Periodontal disease is an infection of the gums and supporting structures of the teeth caused by bacteria. If left untreated, gum disease will gradually destroy the support of your natural teeth. Various disease entities require different treatment approaches. Dental plaque is the primary cause of gum disease in genetically susceptible individuals. Daily brushing and flossing will prevent most periodontal conditions.
Why is oral hygiene so important?
Adults over 35 lose more teeth from gum disease (periodontal disease) than from cavities. Three out of four adults are affected at some time in their lives. The best way to prevent cavities and periodontal disease is by proper daily tooth brushing and flossing.
Periodontal disease and decay are caused by bacterial plaque. Plaque is a colorless film that sticks to your teeth at the gum line, and it constantly forms on teeth. If not carefully removed by daily brushing and flossing, plaque hardens into a rough, porous substance known as calculus (or tartar).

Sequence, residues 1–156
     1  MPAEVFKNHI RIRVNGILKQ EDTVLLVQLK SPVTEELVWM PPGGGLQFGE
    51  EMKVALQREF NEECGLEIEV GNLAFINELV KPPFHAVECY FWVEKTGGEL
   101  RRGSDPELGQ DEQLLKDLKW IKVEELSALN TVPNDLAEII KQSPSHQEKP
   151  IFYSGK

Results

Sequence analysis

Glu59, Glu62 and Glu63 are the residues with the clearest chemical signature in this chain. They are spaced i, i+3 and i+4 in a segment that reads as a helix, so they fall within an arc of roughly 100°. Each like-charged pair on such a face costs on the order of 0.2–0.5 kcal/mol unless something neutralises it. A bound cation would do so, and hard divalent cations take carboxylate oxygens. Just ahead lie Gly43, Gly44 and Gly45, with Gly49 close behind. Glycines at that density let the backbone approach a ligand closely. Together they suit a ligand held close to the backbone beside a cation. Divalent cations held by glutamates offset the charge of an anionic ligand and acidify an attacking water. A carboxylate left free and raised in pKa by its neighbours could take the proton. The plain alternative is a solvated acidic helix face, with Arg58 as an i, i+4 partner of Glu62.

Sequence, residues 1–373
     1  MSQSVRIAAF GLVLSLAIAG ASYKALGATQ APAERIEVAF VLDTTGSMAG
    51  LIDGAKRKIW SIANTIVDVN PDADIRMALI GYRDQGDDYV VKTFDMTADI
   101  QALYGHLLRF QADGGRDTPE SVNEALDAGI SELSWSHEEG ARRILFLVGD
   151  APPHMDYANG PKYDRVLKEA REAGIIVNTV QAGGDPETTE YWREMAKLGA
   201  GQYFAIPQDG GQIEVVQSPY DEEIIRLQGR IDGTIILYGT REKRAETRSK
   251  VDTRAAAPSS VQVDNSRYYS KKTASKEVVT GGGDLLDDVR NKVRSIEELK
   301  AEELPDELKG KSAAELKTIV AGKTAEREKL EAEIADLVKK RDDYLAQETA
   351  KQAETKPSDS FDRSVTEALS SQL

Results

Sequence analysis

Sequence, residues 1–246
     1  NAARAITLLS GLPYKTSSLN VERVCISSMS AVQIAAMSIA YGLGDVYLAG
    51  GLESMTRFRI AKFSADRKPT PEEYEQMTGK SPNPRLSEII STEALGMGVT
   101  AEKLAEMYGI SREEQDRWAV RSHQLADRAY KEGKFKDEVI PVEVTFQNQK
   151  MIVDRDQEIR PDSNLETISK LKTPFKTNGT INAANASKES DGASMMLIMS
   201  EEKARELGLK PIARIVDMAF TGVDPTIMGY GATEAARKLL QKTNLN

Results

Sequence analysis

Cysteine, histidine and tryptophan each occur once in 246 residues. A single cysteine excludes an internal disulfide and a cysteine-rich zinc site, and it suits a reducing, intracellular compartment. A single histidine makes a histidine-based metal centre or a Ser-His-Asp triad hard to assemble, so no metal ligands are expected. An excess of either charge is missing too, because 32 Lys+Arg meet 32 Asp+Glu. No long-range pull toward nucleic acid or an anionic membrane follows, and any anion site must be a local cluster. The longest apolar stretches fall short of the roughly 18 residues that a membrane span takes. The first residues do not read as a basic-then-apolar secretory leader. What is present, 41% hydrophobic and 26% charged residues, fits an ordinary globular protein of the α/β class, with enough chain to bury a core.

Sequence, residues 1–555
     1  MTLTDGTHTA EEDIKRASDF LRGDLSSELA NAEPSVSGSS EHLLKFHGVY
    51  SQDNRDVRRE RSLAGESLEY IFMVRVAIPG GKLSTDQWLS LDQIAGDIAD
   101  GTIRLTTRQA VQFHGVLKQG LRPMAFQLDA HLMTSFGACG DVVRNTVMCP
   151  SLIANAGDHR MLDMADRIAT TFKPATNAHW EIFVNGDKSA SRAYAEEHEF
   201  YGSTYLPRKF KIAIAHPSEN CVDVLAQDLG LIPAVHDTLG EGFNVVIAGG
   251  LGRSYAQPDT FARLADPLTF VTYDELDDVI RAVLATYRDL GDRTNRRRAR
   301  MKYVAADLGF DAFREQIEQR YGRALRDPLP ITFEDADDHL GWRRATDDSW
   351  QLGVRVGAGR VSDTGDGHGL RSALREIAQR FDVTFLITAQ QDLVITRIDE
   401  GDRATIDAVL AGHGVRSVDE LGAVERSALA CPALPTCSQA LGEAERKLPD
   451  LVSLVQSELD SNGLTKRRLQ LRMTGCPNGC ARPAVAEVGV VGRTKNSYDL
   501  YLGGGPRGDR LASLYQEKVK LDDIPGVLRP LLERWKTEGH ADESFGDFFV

The bacteria found in plaque produces toxins or poisons that irritate the gums and may cause them to turn red, swell, and bleed. Prolonged irritation can cause the gums separate from teeth, which creates pockets (spaces) where the bacteria can spread rapidly. As periodontal disease progresses, the supporting gum tissue and bone that holds teeth in place will deteriorate. If left untreated, this leads to tooth loss. Gum disease has also been linked to stroke, heart attack, and complications for diabetics and pregnant women.
Preventing Gum Disease
The best ways to prevent gum disease is effective daily brushing and flossing, as well as regular professional examinations and cleanings. Unfortunately, even with the most diligent home dental care, some people still develop some form of periodontal disease. Once the disease starts, professional intervention is necessary to prevent progression.
Other important factors affecting the health of your gums include:
- Clenching and grinding teeth
- Poor nutrition